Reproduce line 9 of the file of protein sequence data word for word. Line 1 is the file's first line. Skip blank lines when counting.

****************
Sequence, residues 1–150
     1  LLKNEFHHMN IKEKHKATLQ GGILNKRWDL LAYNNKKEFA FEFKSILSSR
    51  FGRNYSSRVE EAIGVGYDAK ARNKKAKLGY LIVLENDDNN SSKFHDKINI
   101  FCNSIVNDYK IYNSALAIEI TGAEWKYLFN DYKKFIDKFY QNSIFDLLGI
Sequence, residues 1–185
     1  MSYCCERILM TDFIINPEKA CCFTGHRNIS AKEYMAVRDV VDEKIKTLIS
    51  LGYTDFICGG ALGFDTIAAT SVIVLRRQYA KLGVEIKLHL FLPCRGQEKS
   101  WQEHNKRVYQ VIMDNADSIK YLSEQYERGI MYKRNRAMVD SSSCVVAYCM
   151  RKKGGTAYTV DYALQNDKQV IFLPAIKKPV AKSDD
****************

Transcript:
   151  RKKGGTAYTV DYALQNDKQV IFLPAIKKPV AKSDD